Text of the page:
Posted 05 November 2007 - 09:19 AM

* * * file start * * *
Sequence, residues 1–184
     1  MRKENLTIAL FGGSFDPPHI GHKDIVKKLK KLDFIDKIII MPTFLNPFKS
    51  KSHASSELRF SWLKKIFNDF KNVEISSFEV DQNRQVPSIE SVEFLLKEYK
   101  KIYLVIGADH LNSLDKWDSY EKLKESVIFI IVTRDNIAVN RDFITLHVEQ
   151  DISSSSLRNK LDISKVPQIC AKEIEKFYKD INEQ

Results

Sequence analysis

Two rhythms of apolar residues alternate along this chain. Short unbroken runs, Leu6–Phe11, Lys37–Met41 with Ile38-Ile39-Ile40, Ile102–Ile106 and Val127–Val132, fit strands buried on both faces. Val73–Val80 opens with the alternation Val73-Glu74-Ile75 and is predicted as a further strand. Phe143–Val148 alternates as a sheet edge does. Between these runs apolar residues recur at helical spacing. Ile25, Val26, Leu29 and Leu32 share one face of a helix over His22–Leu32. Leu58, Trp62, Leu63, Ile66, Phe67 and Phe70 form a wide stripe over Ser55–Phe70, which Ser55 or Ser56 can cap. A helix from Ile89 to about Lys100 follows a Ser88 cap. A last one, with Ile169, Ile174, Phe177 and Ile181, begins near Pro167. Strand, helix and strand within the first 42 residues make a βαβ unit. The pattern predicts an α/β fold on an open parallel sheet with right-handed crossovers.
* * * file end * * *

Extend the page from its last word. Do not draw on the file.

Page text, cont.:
The beginners guide to pot odds:Pre-flop:Don't worry about it, because there's too much dynamic stuff to worry about. On the flop:You have 4 to the flush. If there is $4 in the pot, and it costs you $1 to call, you can see the next card. If you think you can see the turn and the river both for $1, there only needs to be $2 in the pot. If you think it will cost you $1 on the turn and $1 on the river, there needs to be $6 in the pot to call. This excludes the extra amount other players will add. If there are more players who are likely to put money in, you have some leeway, but remember that they may also make it more expensive with a raise. Balance those out.The odds of hitting your OESD is only slightly worse than the flush.If you have an OESD AND a flush draw AND at least one over card, there is a good chance you are a favorite to win the hand. Bet.On the turn: Similar to the flop, except use only the "next card" calculation.On the river:You just have to know if you are ahead or behind. Pot odds only relate to "I think I'm behind 60% of the time here, but I'm getting 3:1...". If it costs you $1 to take a stab at a $15 pot, it is almost always worth it unless you have total junk.NOTE: These numbers are not strictly accurate, because it doesn't account for game dynamics of whether you will get paid off by others, etc, but they are close enough for beginners to use. Most of what you should be worrying about is "am I ahead or behind right now." If you are getting that decision wrong most of the time (review hand histories frequently) then all the pot odds in the world won't help you. Once you can decide if you are ahead or behind, then pot odds help you refine your decision.